How Smart Technology Can Combat Hunger and Malnutrition
Hunger Global hunger is being exacerbated by weather extremes, but smart technology may be able to help.
It is almost dry season in the Sahel and millions are already facing food shortages. The constant swings between parching droughts and turbulent floods make farming difficult in this semi-arid region on the edge of Africa’s Sahara Desert.
The challenges these farmers face underscore the severe impact of extreme weather on agricultural production. The weather extremes have also exacerbated problems caused by the chronic underdevelopment of agriculture — reliance on a handful of crops limits the nutritional value of farmers’ harvests, for instance.
The impact on global hunger is now evident. After years of steady decline, hunger and malnutrition rates are rising. Today almost 821 million people are chronically hungry and roughly one-third of women of childbearing age suffer from anemia. It is an alarming sign that food systems are not keeping pace with our needs.
A key way to reverse this trend is by giving smallholder farmers — particularly women — access to the financing, information and training they need to build thriving farms. Furthermore, these resources must be delivered in a manner that promotes new ways of doing things — planting of more nutritious crops; preparing foods in ways that capture their full nutritional value. There is enormous potential for agriculture that is intentionally focused on nutrition-rich practices. This is especially true for women farmers, who produce almost half of the world’s food supply and who are primarily responsible for feeding their families and safeguarding the health of their children.
Today, new disruptive digital technologies are starting to provide solutions.
Access to financing
Globally, smallholder farmers get less than 3 percent of the funding they need because they are viewed as risky investments. Yet their operations generate a rich trove of data on their capabilities and results. Today, companies are increasingly using this data to give lenders a more comprehensive assessment of farmers, enabling them to receive vital financing to rejuvenate farms and invest in better equipment and inputs to increase their production.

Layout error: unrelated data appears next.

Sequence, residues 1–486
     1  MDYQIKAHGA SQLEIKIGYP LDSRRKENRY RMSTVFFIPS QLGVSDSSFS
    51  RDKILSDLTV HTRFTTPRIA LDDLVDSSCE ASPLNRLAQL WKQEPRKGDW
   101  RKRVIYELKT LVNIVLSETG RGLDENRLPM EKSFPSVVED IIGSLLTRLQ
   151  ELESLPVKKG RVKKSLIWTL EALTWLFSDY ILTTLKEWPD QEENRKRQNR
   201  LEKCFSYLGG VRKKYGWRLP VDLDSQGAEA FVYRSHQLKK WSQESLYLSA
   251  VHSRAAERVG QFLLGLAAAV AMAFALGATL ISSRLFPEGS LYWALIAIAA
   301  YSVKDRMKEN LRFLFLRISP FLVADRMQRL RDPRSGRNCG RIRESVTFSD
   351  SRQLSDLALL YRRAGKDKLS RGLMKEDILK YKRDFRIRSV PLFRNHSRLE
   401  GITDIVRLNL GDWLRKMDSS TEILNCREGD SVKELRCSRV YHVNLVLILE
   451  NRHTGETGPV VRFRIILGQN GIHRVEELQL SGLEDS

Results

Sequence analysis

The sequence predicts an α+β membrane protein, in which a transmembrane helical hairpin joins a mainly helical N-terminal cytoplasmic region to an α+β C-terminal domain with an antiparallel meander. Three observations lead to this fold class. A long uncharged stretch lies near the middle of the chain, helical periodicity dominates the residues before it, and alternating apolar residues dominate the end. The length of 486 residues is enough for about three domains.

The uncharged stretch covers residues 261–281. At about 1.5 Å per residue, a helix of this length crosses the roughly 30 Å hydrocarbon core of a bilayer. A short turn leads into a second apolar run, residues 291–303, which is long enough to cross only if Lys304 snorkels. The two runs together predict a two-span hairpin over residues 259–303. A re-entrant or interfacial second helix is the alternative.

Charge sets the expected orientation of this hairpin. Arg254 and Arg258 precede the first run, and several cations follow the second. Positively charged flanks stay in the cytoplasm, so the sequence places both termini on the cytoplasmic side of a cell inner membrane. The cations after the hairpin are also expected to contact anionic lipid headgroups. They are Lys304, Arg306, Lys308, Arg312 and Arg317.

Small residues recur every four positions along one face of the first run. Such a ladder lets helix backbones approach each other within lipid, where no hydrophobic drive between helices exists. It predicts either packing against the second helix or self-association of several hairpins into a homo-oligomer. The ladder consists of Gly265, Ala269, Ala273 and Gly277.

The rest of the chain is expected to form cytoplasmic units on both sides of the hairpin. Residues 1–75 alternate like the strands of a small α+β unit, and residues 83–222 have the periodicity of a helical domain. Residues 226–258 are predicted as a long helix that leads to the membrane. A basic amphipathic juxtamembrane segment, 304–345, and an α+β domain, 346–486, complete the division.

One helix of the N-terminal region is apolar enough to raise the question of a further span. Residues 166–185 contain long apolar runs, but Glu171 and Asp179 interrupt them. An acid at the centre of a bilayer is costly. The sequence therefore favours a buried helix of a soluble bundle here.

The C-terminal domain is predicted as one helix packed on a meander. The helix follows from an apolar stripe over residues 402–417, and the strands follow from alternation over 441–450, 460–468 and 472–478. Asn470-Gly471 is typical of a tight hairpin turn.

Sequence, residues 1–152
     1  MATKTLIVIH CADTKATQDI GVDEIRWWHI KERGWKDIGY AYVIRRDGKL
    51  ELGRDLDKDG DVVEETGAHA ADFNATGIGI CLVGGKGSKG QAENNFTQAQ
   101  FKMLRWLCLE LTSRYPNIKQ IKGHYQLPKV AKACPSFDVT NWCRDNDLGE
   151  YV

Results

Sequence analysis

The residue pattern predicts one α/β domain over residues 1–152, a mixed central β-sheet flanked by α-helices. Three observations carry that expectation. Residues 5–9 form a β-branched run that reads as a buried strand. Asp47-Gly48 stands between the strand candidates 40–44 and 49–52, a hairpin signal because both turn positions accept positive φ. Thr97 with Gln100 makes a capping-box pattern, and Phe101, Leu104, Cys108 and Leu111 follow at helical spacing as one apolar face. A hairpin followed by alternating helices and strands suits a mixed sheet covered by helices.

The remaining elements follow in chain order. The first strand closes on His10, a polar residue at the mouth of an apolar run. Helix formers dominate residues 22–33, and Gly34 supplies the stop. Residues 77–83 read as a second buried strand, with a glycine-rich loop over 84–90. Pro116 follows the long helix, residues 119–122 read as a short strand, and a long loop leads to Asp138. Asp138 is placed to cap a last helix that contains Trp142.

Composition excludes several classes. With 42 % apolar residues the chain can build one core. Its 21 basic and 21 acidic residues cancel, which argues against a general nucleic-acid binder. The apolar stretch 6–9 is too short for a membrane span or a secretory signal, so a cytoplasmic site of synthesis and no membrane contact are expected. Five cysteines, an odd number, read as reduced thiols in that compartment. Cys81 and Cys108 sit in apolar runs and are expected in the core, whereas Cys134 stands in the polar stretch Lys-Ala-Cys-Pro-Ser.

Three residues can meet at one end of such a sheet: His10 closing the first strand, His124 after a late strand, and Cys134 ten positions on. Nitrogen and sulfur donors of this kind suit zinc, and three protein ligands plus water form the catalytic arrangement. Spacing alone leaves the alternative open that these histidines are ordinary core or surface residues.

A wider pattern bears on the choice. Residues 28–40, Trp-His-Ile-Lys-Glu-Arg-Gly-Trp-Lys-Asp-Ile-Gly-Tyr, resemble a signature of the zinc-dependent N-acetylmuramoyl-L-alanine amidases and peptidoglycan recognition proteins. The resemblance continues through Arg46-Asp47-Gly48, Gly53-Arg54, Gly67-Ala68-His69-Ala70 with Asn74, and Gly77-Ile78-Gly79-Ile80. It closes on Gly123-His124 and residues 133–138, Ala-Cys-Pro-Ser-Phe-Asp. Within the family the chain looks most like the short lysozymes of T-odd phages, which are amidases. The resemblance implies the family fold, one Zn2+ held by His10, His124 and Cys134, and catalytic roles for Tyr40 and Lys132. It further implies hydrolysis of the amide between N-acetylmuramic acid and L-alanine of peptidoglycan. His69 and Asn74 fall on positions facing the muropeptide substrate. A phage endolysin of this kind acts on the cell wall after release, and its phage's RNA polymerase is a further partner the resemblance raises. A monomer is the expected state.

Grameen Foundation’s work with Musoni Microfinance in Kenya is one example of an all-digital agricultural loan designed to meet the specific needs of smallholder farmers by matching their crop and cash cycles. Furthermore, loans delivered to local women’s groups are accompanied by agricultural training that support the diversification of crops and livestock for improved income and health.
Agricultural extension officers often have little time to give farmers up-to-date training and advice because of the officers’ overloaded caseloads. As a result, farmers rely on outdated techniques. Mobile technology is helping to fill the gap by providing farmers with targeted, up-to-date advice derived from data collected from their farms.
Launched in 2013, mNutrition is a global initiative organized by the GSMA and implemented by mobile phone network operators. Working in 10 countries in Sub-Saharan Africa and South Asia, it uses mobile phone-based messaging services to provide information and promote behavior change around key areas related to nutrition, childcare and agriculture. It is estimated that more than 1.5 million farmers had made changes in several areas from planting to land management to harvest and storage practices after receiving advice.
The focus on women
In Nigeria, the most populous country of Africa, 1 in 3 children under five years of age suffer from chronic malnutrition or stunting, which reduces brain development and their ability to learn and develop normally. Faced with this grim reality, in 2017, the government launched a national Mobile Nutrition Program. The Federal Ministry of Health, the Global Alliance for Improved Nutrition, GSMA and Grameen Foundation had collaborated to develop and pilot life-saving nutrition content via mobile phones. After extensive research in to local conditions and knowledge, a total of more than 1,000 SMS and voice messages were crafted and translated into five local languages, with content that covers women of reproductive age, pregnancy, newborns, infants and children under five. The in-depth messaging included a close look a locally available, nutrient rich foods that women could either grow or purchase in their communities.
Nutrition, agriculture and health are intimately linked, and today, they can be consciously linked through programming that takes advantage of mobile phones that are now in nearly every community, if not every pocket.